1. Thanks so much for posting this (and everything!!!) The other long-ish cut from this session (released separately), “The Hard Blues,” is worth a listen, too. Phillip Wilson shows his deep blues roots in a slow shuffle-march that rattles yer bones.

  2. It’s such a pleasure to see and hear a Julius Hemphill track on this site. One never hears any Hemphill on the radio (too thorny, I suppose) and few musicians (that I know of) cover his material. Great music that sounds “of a time” and “out of time” (I trust that’s possible), creative, funky, confrontational but not excessive. Thanks for the taste!

  3. I got this when Screwgun put it as a free download on its site. It’s great! Are you sure of the free-funk lineage? I’ve heard “Nation Time” and “Les Stances A Sophie” and always wondered who had that idea “first.”

  4. Thanks to all for the comments. Glad to see you here.

    djll: I freakin’ LOVE “The Hard Blues,” and we discussed posting it, but decided to put it off for now, citing its length and presumed better availability (on Coon Bid’ness, aka Reflections). Something about the overall sound, somewhat raw, “under-produced,” really gets me.

    mwanji: Lineage an open question, as always, I suppose. Someone is always able to find an earlier precedent (like, free jazz began with “West End Blues” or some such).

  5. I don’t have this but I listened to a copy many years ago, I think. Doesn’t Arthur Blythe play on some of it?

  6. Incidentally, many years ago I went to a workshop with Hempill and Henry Threadgill at John Carter’s Wind College, followed by a concert in the evening. Threadgill really had the main part of the workshop, as I recall, though – to be honest, all I remember about Hemphill was that he was real tall and wore an earring. Played a ton of alto at the concert, though.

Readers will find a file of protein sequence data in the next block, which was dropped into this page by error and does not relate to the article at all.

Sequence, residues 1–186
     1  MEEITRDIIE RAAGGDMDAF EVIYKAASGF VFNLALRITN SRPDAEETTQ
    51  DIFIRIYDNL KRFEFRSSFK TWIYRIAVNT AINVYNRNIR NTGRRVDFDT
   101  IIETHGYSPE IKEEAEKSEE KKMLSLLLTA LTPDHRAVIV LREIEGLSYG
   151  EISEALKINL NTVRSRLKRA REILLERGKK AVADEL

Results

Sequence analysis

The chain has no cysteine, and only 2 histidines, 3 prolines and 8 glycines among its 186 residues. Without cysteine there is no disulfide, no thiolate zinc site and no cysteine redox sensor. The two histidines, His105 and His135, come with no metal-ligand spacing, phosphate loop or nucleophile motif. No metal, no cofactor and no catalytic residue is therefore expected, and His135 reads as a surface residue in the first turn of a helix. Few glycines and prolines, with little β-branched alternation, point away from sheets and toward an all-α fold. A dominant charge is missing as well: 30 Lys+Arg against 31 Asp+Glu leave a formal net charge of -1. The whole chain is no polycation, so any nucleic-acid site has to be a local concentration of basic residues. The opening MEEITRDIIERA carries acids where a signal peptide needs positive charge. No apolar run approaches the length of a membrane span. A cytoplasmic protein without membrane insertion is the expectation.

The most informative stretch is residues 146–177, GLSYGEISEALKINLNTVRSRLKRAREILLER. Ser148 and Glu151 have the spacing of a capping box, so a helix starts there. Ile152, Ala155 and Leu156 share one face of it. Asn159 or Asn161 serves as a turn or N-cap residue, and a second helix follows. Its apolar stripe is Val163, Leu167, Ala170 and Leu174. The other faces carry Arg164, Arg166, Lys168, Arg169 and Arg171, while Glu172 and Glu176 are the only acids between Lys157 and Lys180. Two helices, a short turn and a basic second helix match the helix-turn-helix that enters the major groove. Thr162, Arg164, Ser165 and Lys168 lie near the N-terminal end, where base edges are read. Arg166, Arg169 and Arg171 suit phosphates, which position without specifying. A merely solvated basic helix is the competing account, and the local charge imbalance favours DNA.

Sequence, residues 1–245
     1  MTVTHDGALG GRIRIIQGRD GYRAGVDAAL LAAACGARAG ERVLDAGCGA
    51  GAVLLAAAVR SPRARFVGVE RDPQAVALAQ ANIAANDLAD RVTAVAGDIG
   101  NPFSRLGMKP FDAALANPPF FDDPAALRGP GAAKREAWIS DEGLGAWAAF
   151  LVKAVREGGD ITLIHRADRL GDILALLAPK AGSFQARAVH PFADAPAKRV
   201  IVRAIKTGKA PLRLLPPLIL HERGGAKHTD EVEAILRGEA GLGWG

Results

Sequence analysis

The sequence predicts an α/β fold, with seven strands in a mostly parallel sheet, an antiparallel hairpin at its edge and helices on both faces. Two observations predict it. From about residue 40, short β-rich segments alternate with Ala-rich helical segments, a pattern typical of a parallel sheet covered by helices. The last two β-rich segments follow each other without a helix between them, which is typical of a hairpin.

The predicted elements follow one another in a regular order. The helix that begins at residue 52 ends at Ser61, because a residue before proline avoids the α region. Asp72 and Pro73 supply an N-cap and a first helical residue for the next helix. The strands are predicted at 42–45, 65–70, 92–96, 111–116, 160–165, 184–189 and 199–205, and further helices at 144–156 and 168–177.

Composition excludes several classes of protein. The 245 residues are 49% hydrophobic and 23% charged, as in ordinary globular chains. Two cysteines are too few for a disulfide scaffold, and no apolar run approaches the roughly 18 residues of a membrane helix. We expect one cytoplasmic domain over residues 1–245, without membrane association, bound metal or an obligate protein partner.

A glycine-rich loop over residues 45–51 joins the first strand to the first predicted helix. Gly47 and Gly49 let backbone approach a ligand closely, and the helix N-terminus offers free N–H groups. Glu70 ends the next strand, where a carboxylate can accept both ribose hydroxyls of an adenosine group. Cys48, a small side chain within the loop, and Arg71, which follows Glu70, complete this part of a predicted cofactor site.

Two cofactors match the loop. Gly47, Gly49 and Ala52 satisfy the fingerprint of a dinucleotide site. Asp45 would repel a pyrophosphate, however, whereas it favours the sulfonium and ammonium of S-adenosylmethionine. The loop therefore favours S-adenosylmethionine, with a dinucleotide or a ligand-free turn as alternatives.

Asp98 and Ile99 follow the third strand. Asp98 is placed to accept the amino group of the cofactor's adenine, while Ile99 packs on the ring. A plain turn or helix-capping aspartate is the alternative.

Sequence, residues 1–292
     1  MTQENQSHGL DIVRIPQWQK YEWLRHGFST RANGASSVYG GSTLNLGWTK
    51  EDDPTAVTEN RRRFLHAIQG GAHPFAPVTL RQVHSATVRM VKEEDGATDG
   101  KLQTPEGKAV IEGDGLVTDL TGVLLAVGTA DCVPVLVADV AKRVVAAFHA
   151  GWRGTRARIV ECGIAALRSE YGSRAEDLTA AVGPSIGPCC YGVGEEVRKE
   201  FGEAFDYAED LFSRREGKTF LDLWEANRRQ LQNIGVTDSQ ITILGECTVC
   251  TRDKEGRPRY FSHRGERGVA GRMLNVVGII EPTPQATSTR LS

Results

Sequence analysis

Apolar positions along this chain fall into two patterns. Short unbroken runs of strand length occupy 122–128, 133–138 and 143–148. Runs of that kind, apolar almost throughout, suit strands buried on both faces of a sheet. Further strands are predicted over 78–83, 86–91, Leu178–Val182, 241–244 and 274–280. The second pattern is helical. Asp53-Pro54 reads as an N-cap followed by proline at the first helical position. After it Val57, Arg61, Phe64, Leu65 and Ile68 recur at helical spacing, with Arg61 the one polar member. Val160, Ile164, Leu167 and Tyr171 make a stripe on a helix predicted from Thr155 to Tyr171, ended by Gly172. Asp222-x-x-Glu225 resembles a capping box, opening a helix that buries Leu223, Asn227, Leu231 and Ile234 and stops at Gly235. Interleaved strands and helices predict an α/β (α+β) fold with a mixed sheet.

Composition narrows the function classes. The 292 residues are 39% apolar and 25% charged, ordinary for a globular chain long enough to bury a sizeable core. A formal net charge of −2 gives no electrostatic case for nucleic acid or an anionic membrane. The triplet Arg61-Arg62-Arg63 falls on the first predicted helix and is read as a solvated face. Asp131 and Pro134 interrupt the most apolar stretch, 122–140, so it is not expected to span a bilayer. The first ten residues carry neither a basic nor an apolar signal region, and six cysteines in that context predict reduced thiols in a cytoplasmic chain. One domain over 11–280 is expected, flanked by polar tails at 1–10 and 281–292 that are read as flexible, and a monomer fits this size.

7. Phillip Wilson blew my mind the first time I heard this: first a tattoo, then the deep beat. He’s an important link.

    Hemphill will have his day yet.

  8. This turns up in another version (DOGON II) on JAHs Georgia Blues album which features the Cline brothers….live cuts from Willisau….worth comparing the two to see how JAH was moving the music along

  9. Ahhhhhh! Yes…thanks so much for putting this up. I was just lamenting that my Arista vinyl of this piece is completely fucked. This one time, at band camp…my sister took me to a New Year’s Eve party in New Rochelle NY at her “piano player friend’s house.” Ursula Oppens, with Mr. Hemphill camped in front of the TV watching football. We had a great conversation about a lot of stuff, but what I remember most was losing 10 bucks to him on the Auburn game.

  10. heeey i see iam to late for one of my all time favourite albums.
    is there any chance you upload this again?
    thanks in forward!!!

  11. wow , i recently picked up an original mbari lp of dogon a.d. at a local flea market , price was $ 1.00 . best dollar i ever spent ! , first track is killer , second wild , third mellow and very interesting , wicked stuff , definately a keeper .